When Radiohead took to Glastonbury’s Pyramid Stage in 1997, they made history. Widely regarded as one of the greatest headline sets in not just Worthy Farm folklore, but in UK festival history as a whole, Thom Yorke and co emerged icons from their first time topping the bill in Pilton. 20 years later, fresh from the release of last year’s A Moon Shaped Pool, the Oxford band returned to the Pyramid last night to attempt to repeat the glories of that day – a tough ask for a group more used to looking forward than looking back. April Clare Welsh headed to the festival to find a band in triumphant, reflective mode.
Radiohead don’t really do nostalgia. Throughout the course of their nine-album career, the indie kings of reinvention have made future-facing record after future-facing record, confounding critics and rewriting what people thought they knew of the Oxford band.
They’ve typically approached live shows with the same instinct. Despite being one of the biggest live bands on the planet, the five-piece have historically had trouble reconciling the anthemic nature of their blockbuster hits with their constant impulse to experiment and move forward. Rather than cash in on the crowd-pleasing portion of their back catalogue, Radiohead have always curated set lists that demonstrate a deep level of stubbornness verging on a quintessentially English sense of awkwardness about celebrity. The seven-year period in which the hit that made them, ‘Creep’, was banished from their set lists wasn’t an oversight, put it that way.
Or at least, this was the case for Radiohead. Last night, 20 years after the release of their landmark OK Computer and subsequent celebrated headline performance at Glastonbury 1997, they returned to the festival’s Pyramid Stage for a hit-packed show marking the anniversary of that seminal album.
They begin with a weird trio of songs (‘Daydreaming’, ‘Lucky’, ‘Ful Stop’) that almost deflect the anticipated grandeur of this extra special show. But fans who had turned up in their tens of thousands to see tracks from that particular album live (and hopefully reignite the magic of Glastonbury 1997) are in luck: the first half of the set explored the OK Computer chapter of their career with highlights like ‘Airbag’ and ‘Lucky’ present and correct, interspersed between lesser-celebrated later album cuts like ‘Nude’. Over the course of their two-hour plus set, they seemed to move through their extensive reportoire with this yin-yang concept in mind – both celebratory and reflective. Taking in a palate-cleansing deeper cut after playing a massive hit almost felt like they were trying to wash away the taste of fame the latter glimpses.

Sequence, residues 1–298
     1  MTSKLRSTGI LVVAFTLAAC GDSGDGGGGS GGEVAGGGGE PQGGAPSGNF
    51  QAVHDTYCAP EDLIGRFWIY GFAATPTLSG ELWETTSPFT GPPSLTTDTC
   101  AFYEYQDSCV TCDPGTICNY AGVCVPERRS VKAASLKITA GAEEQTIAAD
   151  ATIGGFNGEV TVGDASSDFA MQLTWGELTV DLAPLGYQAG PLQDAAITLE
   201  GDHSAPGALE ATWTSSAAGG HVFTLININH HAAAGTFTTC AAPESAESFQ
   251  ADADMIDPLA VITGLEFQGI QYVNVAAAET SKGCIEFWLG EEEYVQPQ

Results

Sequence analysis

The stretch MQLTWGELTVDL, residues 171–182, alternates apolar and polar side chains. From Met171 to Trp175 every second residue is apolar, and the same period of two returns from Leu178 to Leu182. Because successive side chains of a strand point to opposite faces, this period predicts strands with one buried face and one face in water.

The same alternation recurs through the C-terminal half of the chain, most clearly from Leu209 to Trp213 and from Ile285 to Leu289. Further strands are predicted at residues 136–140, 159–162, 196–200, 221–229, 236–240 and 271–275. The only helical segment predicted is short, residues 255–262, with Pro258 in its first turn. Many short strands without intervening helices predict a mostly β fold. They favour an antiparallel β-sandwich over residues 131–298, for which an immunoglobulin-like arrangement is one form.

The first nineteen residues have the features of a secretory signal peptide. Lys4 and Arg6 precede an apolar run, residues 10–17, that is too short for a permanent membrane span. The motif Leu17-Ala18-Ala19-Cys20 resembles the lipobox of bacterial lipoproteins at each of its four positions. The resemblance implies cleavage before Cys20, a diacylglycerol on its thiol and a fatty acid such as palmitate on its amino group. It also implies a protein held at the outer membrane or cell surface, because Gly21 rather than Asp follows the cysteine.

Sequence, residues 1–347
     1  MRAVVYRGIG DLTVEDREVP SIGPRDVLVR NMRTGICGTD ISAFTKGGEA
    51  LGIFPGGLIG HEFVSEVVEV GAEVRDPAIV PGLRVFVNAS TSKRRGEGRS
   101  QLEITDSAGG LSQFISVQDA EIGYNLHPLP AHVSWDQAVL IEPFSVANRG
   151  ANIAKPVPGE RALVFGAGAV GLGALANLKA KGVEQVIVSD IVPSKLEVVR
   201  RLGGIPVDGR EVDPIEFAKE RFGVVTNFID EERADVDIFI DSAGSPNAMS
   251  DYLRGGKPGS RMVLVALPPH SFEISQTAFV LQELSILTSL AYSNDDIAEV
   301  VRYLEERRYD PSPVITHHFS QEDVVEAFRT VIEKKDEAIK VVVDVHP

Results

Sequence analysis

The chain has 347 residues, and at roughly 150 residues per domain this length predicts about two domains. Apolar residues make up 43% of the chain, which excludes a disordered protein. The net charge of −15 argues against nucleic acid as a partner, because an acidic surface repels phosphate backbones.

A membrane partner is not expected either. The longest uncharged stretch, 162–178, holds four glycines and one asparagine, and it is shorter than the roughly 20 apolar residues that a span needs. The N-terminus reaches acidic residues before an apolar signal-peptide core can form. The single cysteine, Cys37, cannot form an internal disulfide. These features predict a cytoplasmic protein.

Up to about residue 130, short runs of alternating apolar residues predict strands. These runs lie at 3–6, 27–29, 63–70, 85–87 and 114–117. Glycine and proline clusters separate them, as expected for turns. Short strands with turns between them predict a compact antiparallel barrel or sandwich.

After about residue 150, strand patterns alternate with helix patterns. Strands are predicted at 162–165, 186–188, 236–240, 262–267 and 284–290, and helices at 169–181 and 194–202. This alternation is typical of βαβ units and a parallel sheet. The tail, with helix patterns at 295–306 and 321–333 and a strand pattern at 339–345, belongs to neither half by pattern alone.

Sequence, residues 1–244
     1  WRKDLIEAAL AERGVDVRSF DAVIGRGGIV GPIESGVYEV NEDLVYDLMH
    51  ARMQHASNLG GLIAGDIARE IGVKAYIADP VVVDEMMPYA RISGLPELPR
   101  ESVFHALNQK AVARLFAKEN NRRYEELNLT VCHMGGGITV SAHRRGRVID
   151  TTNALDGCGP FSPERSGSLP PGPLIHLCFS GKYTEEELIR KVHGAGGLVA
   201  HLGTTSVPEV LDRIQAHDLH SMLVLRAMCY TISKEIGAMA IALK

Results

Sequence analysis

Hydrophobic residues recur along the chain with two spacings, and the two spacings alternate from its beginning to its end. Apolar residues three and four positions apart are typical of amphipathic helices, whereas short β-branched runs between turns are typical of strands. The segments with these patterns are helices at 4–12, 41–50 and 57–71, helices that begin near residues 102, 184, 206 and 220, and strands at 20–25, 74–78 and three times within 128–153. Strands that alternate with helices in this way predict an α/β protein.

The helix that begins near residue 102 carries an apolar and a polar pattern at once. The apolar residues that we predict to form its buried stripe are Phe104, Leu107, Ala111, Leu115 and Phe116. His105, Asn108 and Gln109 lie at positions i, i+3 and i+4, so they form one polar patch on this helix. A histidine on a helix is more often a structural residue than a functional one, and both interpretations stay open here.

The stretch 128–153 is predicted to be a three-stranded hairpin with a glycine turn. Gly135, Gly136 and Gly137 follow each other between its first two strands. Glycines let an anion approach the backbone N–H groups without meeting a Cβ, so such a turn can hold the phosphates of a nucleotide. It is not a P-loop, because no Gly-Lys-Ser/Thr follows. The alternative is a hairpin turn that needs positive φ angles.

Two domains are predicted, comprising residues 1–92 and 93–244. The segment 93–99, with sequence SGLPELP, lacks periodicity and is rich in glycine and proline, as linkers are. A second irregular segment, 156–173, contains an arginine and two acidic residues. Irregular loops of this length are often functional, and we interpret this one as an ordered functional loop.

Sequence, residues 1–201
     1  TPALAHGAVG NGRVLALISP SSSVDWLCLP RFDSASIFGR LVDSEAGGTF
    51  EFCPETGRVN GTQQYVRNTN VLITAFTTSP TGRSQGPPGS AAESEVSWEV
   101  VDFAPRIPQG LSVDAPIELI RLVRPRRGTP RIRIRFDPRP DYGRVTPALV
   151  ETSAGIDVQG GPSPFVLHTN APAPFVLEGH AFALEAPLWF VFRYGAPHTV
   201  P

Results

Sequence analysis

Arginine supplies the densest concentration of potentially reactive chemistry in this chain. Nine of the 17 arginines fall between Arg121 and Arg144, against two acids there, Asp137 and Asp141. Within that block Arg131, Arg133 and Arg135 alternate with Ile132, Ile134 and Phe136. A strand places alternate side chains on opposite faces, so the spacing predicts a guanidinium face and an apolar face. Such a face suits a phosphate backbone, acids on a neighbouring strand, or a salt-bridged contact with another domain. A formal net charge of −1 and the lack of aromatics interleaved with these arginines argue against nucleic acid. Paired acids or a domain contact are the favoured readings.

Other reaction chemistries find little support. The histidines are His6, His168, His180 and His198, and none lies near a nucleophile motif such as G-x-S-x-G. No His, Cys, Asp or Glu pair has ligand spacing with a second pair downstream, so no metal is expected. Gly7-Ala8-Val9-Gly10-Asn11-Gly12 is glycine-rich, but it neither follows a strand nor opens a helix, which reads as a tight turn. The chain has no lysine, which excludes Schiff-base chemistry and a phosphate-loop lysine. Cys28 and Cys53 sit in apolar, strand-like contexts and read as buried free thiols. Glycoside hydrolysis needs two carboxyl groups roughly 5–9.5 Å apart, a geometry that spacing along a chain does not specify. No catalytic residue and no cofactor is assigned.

Thom Yorke’s lack of on-stage chatter has come to be his MO for live performances over the years, and tonight is no different. He seldom speaks throughout, except when shouting “strong and stable” during Hail to the Thief favorite ‘Myxmatosis’ and telling Theresa May to “shut the door on the way out,” a politically-charged remark that’s met with a huge wave of Jeremy Corbyn chants. It’s a unifying moment, and proof that Radiohead have the platform to make some serious impact when they choose to get on their soapbox.
Another side of the group’s politics isn’t met as rapturously on site, however. Radiohead are scheduled to perform in Tel Aviv next month, despite an open letter recently issued by Artists For Palestine UK arguing that the band should be lending their support to the current widespread cultural boycott of the region, not breaking it. Palestinian flags are on display at the beginning of their set tonight and the presence of a Radiohead 4 Palestine group at the festival suggest this controversy is far from being resolved.
Here is our message for @Radiohead at @GlastoFest – oppose apartheid, #CancelTelAviv #LoveRadioheadHateApartheid pic.twitter.com/SJ7UMVARg1
— Radiohead4Palestine (@rhead4palestine) June 23, 2017
That distraction aside, the set zips to conclusion with energy and emotion to spare, before ‘Creep’ – once despised by the band – brings their performance to a close. Numerous fan theories, some more convoluted than others, have speculated that A Moon Shaped Pool could be their last. Sure enough, the nostalgia that has crept into this otherwise traditionally nostalgia-less group’s practices recently – A Moon Shaped Pool resurrected a number of old tracks that were thought abandoned by fans – certainly supports the idea that this current Radiohead tour may be something of a victory lap.
Whether they are about to shut up shop at some point in the not too distant future remains to be seen, but it seems unlikely knowing the band’s level of industry. Whatever happens, this was another milestone moment, for the festival, the band and fans. Radiohead don’t really do nostalgia, but 100,000 people here are thankful at Glastonbury they did.
April Clare Welsh is on Twitter
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